It’s a single welt that looks like a double welt because of a pleat that has been added.
Begin by drafting the welt pattern piece as normal. You’ll find instructions at the welt tutorial, if needed.
Then add a pleat in the middle of the top layer, as shown. The measurement is for a 1.5cm high single welt.
Here you can see the actual welt piece folds pressed before attaching it: It has a pleat, and it’s also folded in half.
Otherwise you can sew this pocket as a normal single welt pocket. This is how it’ll look like.
Folded Pocket Flap
You could use this pocket design for your skirts and pants. The pocket flap is cut in one piece with the small pocket bag. This gives you the opportunity to use a different fabric for it, to add some color or texture to your pocket.
This is a simplified version of a front pocket, without a facing. You can see a basic example here.
Draw the pocket opening and the pocket bag as usual, adding a few millimeters to the side seam for ease. Then add the pocket flap shape, the way you’d like it to look in the end.
When copying the small pocket bag piece, you need to flip the pocket flap shape around to unite it all in one piece.
You can choose whether you prefer to cut the flap facing piece separately or unite it to the skirt piece. However, if you cut it separately, you can more easily stitch a stay tape at the pocket opening, attaching it into the seam line.
When sewing, you’d first attach the flap facing to the skirt piece, and then unite the small pocket bag+flap piece to the skirt at the pocket opening, which in this case has the flap shape. And finally attach the large pocket bag to the small pocket bag edge.
Alternative Pocket Opening Shape
This is just one example. You could create all kinds of different shapes. You don’t have to limit yourself to the basic straight or round line for the front pockets.
So, instead of a straight line, draw your preferred shape. Otherwise the pocket construction is normal.
In this case the two pocket bags are cut in one piece, which works when you don’t mind using the same fabric for the pocket bag, as for the garment. Otherwise, you could add facing pieces, or separate the pocket bag pieces and cut just the large pocket bag in the same fabric as the garment.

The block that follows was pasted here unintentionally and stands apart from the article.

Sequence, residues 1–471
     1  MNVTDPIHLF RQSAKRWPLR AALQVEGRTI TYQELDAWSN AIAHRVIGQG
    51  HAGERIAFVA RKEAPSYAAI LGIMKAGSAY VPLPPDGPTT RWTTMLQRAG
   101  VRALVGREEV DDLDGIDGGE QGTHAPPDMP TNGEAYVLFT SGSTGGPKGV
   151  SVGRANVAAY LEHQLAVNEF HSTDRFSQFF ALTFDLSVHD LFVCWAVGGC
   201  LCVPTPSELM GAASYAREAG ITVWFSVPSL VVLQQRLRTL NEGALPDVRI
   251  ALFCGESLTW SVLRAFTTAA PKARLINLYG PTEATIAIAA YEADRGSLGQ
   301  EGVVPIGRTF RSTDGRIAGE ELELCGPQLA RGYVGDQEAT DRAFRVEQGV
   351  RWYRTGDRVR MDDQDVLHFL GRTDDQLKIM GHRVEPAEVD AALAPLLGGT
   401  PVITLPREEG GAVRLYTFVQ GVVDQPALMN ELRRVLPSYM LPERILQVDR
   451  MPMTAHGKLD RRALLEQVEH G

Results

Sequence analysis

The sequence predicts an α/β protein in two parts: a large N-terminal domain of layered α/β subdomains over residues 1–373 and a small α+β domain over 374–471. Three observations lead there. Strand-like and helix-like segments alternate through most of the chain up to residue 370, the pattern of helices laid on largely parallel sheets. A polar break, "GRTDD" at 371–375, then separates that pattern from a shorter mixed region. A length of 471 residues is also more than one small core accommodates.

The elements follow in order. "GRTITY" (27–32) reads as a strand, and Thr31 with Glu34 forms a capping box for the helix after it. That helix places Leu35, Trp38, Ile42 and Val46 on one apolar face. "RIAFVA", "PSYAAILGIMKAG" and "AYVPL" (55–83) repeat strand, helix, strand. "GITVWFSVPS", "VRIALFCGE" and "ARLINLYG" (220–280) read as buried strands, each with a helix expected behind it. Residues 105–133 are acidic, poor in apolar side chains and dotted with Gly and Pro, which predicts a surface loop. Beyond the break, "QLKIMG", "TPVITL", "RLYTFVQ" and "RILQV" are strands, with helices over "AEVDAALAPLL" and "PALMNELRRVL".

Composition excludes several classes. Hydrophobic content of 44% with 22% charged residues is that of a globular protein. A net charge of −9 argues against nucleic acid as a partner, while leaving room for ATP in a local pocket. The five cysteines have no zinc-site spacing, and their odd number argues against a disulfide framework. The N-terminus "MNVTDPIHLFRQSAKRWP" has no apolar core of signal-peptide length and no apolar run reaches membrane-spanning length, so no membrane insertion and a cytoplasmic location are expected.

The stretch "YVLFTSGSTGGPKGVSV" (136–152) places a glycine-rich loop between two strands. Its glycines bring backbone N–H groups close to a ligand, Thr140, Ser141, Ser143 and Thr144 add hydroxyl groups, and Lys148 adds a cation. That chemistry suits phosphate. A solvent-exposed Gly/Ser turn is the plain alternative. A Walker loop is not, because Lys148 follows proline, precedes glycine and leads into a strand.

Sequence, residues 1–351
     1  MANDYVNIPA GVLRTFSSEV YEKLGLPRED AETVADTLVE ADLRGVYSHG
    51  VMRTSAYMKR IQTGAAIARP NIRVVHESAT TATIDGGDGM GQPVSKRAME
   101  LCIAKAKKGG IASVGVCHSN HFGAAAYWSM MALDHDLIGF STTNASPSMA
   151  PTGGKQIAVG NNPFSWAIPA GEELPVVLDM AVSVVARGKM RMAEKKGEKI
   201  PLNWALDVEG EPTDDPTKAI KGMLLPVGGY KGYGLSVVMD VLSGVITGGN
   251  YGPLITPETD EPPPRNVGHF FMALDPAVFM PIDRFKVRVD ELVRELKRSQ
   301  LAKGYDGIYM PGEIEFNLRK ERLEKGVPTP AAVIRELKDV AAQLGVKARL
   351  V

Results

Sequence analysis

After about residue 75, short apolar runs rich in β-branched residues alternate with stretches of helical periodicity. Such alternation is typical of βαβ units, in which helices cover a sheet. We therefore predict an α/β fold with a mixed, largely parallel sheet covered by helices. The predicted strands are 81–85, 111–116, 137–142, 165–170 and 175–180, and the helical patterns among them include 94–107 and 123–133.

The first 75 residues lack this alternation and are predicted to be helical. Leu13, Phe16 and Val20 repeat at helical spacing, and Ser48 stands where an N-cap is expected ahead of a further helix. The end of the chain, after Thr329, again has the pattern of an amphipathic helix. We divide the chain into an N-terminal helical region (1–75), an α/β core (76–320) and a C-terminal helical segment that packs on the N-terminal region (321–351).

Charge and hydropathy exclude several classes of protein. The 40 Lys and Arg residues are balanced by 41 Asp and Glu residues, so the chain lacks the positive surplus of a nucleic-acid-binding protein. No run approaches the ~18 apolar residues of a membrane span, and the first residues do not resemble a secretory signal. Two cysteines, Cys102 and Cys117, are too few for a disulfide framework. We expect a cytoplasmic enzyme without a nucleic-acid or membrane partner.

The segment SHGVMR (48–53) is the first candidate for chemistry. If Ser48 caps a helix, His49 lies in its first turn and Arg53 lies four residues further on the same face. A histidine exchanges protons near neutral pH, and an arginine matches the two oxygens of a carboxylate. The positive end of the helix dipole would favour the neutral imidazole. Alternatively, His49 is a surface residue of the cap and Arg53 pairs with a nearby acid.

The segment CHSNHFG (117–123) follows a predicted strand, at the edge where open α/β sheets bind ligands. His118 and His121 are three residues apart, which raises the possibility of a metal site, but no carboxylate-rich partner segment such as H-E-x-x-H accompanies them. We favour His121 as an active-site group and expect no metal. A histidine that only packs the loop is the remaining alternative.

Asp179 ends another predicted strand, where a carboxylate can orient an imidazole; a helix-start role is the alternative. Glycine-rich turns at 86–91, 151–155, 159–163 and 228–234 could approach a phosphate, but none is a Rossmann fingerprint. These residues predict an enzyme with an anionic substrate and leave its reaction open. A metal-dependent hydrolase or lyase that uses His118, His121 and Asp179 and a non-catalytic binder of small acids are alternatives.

I made this pocket in a contrasting color to show the shape of the pocket opening better.
External Pocket Bag
Sometimes you see the pocket bag added on top of the garment, almost like an actual bag hanging at the waist. In this case you then have to make an opening using the welt construction. I added a flap, too.
The pocket bag can be completely separate, only attached at the waistline, or as here, attached also to the side seam.
Draw the pocket bag shape on your main pattern piece and mark the opening for the welt. Then draw the pocket flap.
Copy the pieces and draw the double welt pattern as usual. You don’t need more pocket bag pieces, but if you’d like to make the inside of the pocket look nicer, without the welt seam allowance showing, you could line it, using the same pocket bag pattern piece.
The pocket bag piece could also be cut on the fold, as it has a straight seam. You only need to mark the pocket opening on the uppermost pocket bag piece.
Here are a few pictures of the sewing process.
Ideally this pocket bag would be made in the same fabric as the rest of the garment, but for the purpose of this tutorial I made it in a contrasting color, making only the waistband in the same fabric.
So there you have them; all 10 pocket designs. It’s easy to invent more, for example, by using different fabric manipulation techniques. What will you invent?